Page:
Would you be quickerbybike?

Quickerbybike.com is a campaign to promote cycling to non-cyclists
& decent cycling to existing cyclists.

If you commute to work or school but not by bike,
would you consider switching?

It's probably quicker, healthier, more friendly, more independent, cheaper, quieter & brighter.

If you already ride, would you promote cycling via your shorts?

If you ride like a bit of a wally, running red lights & annoying other road users,

would you wear the shorts and ride decently?

Wednesday 1 October 2008

How long can you go without re-fuelling?

I confess I have a car. However, I'm trying to abandon it. The last time I went to use it, the handbrake was rusted on so now I leave it off.

Two things are driving me to ditch my car. The first is a childish and geeky sort of competition I'm having with myself to see how long I can go without having to stand guiltily at a petrol station, pumping fuel into the thing. I filled it on Monday 29th September - anyone wanna compete with me for the longest interval before re-filling?

The second reason is a genuine reluctance to be in a car. I feel such an idiot these days when I find myself either stuck in traffic or spending £50 on fuel. In fact even a hassle-free car jouney feels wasteful to me these days. Plus I properly enjoy being on trains and busses.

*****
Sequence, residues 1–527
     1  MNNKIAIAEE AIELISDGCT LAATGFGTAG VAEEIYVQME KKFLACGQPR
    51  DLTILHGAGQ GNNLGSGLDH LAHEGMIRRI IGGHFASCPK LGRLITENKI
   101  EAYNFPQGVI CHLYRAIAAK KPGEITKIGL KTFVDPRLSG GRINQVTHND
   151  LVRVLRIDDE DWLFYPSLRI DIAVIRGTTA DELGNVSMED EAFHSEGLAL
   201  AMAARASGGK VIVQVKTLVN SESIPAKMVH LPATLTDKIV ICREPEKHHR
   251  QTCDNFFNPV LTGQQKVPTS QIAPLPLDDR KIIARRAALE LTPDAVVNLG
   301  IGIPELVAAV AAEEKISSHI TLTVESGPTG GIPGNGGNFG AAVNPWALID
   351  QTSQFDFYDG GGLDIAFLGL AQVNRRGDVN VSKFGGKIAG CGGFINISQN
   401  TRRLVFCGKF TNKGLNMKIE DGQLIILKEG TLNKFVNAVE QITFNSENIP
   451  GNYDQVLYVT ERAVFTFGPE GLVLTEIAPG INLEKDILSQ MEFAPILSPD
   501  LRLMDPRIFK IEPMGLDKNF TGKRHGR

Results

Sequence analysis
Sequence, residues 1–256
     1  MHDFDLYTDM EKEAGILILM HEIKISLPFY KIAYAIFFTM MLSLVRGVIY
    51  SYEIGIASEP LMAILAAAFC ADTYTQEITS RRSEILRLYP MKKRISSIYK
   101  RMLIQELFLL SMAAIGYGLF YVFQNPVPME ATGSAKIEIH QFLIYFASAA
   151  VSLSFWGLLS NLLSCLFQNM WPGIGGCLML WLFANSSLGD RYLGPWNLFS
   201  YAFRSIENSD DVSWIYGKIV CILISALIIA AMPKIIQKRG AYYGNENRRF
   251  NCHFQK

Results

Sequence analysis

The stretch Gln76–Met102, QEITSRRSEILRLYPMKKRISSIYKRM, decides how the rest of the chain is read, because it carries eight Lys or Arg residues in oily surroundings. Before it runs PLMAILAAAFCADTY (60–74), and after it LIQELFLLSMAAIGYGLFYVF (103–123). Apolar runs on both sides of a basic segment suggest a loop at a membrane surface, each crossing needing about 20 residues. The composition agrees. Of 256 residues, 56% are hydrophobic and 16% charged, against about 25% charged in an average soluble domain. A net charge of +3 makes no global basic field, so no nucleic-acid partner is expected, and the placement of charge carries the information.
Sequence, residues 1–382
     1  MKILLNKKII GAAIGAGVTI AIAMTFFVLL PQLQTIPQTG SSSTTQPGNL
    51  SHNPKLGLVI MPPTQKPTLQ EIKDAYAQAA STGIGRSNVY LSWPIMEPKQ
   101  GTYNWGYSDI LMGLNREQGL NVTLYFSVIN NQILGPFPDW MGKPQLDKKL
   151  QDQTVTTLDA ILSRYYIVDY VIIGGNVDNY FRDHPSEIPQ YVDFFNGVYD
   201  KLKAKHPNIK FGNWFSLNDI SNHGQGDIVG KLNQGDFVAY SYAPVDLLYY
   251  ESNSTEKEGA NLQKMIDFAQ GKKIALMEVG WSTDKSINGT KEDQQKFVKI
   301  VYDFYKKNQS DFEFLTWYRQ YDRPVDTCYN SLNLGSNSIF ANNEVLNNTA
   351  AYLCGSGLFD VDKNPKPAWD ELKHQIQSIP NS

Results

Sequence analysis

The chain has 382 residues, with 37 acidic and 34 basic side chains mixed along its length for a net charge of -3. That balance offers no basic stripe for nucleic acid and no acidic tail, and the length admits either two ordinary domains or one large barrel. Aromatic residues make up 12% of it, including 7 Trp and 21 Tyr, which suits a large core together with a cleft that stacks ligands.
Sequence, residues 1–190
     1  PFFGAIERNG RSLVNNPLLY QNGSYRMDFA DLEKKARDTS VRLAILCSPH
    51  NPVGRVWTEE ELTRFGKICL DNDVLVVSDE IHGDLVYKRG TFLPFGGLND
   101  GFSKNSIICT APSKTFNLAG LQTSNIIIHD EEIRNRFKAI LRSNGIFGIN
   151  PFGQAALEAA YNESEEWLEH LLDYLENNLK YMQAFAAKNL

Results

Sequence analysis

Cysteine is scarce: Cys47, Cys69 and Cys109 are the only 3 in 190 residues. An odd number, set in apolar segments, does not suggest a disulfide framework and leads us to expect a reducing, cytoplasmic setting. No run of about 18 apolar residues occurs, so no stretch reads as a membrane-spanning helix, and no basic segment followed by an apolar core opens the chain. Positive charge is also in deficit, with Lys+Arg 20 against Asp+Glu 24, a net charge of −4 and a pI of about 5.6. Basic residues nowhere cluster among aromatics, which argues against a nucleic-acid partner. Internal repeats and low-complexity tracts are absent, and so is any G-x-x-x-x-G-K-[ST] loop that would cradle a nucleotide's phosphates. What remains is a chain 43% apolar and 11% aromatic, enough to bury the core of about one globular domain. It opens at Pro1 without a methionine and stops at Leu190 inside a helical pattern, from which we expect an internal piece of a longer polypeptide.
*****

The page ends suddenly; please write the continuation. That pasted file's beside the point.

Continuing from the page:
I hope someone will compete with me on the fuel thing.



Anonymous said...

I am a proponent of cycling too.

Has someone looked at the true cost of cycling though.... in terms of energy spent and the environmental impact of that energy.

In the case of a cyclist this is food, the farming, production, packaging and transport of which can do a lot of environmental damage.

So if you do an hours ride each way to work, where you burn say 1000 kcal in total, and then eat about that much more than usual, how does that equation compare to the impact caused by driving..

I would love to see some kind of study on this.

Purely out of curiosity though, and certainly not the challenge the ethos of 'better by bike'.

Well done on the site by the way.

quickerbybike.com said...

Hello Anonymous.

I'm so sorry I didn't reply to this sooner, I didn't spot it. Thank you very much for contributing to the thread.

I've no idea what the environmental consequences are of the extra calories consumed by cycling. I suspect they're negligible.

Producing food dosn't release CO2 and nor does our respiration.

Granted packaging and transport of foods contributes to CO2 production but we can minimise these by shopping carefully.

A useful figure I do know is that two thirds of the CO2 damage by a car is during it's lifetime on the road. So a whole third is spent in its production.

I think we can continue cycling to work with a clear conscience.

I hope you'll contribute again.

All the best.